Clark University’s visionary focus on liberal arts, effective practice and excellence in the humanities is being made even sharper with a new grant from The Andrew W. Mellon Foundation.
The Mellon Foundation has awarded $620,000 to support "Introducing 'Problems of Practice' Courses into All Humanities Majors," Clark University’s “inclusive and innovative” project to further strengthen the humanities curriculum. The three-year grant is in effect from July 1, 2016, to June 30, 2019.
Our students will gain renewed exposure to opportunities and challenges in the humanities, with experiences that allow them to develop what we call "capacities of effective practice" — such as creativity and resilience — and preparing them for careers in the humanities and beyond.
The grant comes through the Mellon Foundation’s program in Higher Education and Scholarship in the Humanities, which bolsters “initiatives designed to enhance the learning experience of both undergraduate and graduate students in the humanities, and fostering collaborations within and among institutions that support disciplinary innovation, foster practices of diversity and inclusion and promote the social value of the humanities.”
Clark President David P. Angel welcomed the Mellon Foundation’s support as “an endorsement of one of the important next developments in Clark’s top academic priority: our Liberal Education and Effective Practice (LEEP) initiative. Our students will gain renewed exposure to opportunities and challenges in the humanities, with experiences that allow them to develop what we call ‘capacities of effective practice’ — such as creativity and resilience — and preparing them for careers in the humanities and beyond.”
The renewed curriculum efforts will connect scholarship, creative practice and teaching at Clark with institutions that directly “practice” the humanities in the world — neighborhood organizations, art museums, galleries, orchestras, theater groups, historical societies, library archives, newspapers and media outlets, community efforts to engage philosophy and values on contemporary issues and more.
The University will create and integrate into every humanities major a new type of course that immerses students in projects addressing challenges and opportunities experienced by humanities-related organizations. To do this, Clark is building networks of humanities professionals from a range of fields and organizations. These networks are key components to the course projects, enhancing faculty teaching and research while also benefiting the professionals through interactions with faculty and students.
Matthew Malsky, dean of the college and associate provost, will have primary oversight of the project. Under his direction, the LEEP Center will provide administrative support to faculty as well as student support and advising. The Higgins School of Humanities will foster connections between the humanities disciplines and cultivate additional communities of effective practice.
“At Clark, we seek to offer our students opportunities to connect what they learn in the classroom with genuine problems faced by professionals working in humanities-related fields,” Malsky said. “This project will strengthen the effective practice, skills-building component of our LEEP initiative, which immerses students in projects addressing issues, challenges and opportunities at partnering organizations.”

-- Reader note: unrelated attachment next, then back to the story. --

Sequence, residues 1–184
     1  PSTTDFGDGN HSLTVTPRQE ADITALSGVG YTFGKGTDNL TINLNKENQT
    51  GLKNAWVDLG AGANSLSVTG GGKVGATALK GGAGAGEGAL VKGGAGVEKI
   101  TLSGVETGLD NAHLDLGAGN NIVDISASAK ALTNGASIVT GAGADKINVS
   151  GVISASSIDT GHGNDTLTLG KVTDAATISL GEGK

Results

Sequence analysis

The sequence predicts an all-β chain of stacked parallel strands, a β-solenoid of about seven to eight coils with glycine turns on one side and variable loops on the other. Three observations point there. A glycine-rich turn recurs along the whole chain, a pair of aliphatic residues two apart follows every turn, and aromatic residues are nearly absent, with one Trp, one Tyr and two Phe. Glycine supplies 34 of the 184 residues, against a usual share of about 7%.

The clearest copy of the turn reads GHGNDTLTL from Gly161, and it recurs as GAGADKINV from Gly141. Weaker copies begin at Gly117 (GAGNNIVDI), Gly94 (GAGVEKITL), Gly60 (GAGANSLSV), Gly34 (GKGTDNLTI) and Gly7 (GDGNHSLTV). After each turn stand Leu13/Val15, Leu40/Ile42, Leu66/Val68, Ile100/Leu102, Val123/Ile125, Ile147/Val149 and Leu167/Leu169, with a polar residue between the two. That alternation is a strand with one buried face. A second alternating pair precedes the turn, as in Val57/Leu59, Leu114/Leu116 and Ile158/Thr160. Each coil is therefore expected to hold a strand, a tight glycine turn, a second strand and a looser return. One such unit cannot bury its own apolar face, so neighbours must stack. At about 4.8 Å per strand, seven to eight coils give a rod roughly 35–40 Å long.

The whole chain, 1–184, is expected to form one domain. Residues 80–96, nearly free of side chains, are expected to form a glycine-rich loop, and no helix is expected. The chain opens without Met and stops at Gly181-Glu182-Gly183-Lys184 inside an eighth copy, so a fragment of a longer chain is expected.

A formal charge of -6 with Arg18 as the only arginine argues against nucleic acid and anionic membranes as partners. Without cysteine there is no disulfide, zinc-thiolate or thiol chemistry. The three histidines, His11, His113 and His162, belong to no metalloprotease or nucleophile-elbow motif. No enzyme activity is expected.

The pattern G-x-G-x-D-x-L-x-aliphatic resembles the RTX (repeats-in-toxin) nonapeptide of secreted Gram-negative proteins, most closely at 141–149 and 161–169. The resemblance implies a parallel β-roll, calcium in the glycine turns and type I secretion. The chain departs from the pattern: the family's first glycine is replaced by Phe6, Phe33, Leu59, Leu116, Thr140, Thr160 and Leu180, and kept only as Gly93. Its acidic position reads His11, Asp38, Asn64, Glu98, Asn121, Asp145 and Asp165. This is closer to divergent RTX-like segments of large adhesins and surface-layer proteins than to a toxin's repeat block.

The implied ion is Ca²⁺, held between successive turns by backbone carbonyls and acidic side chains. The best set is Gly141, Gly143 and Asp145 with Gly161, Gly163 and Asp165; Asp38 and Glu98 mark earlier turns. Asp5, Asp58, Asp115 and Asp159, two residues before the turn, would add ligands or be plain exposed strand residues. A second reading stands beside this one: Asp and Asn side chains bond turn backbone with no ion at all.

Clark’s "Problems of Practice" courses are generally intermediate-level experiences where students demonstrate their achievement through persistence, willingness to embrace confusion and constraints, identifying options and making well-reasoned decisions despite uncertainty about outcomes.
Recently, Clark piloted a successful model of a "Problems of Practice" course: In a collaboration between an art history course and the Worcester Art Museum, the faculty, students, and museum staff jointly curated a professional exhibition titled “Cyanotypes: Photography’s Blue Period.” Students contributed in many ways, even continuing with the project past the boundaries of the course by serving as docents once the show opened. (Read more about the Cyanotypes course.)
By the end of the grant, Clark expects to be able to create a number of "Problems of Practice" courses across the humanities majors and to establish the communities of effective practice needed to continue offering the courses. Students in all majors will have opportunities to take courses that engage them in significant and meaningful projects, in worlds beyond the classroom. The project will involve students with diverse communities and authentic challenges, often taking particular advantage of Clark’s urban location and unique relationship with the city of Worcester and surrounding neighborhood, as well as broader regional or global connections.
In summary, the anticipated benefits of these Clark initiatives include:
- For students, an enriched experience and skill-building opportunities that will give them
an edge after graduation.
- For faculty, resources to create connections and build networks for their courses but also to invigorate their research and creative efforts.
- For partner organizations and professionals, connections with Clark faculty and the energy and work of students through project activities that can enhance organizations and bring new perspectives to problems and opportunities.
- For the humanities field, training for the next generation of humanities professionals to keep the field strong and vibrant.
The project as a whole will also benefit liberal education efforts nationwide by testing this model of interdependent courses, experiences and supporting networks.
“We anticipate learning a great deal from the work to be done,” Malsky said.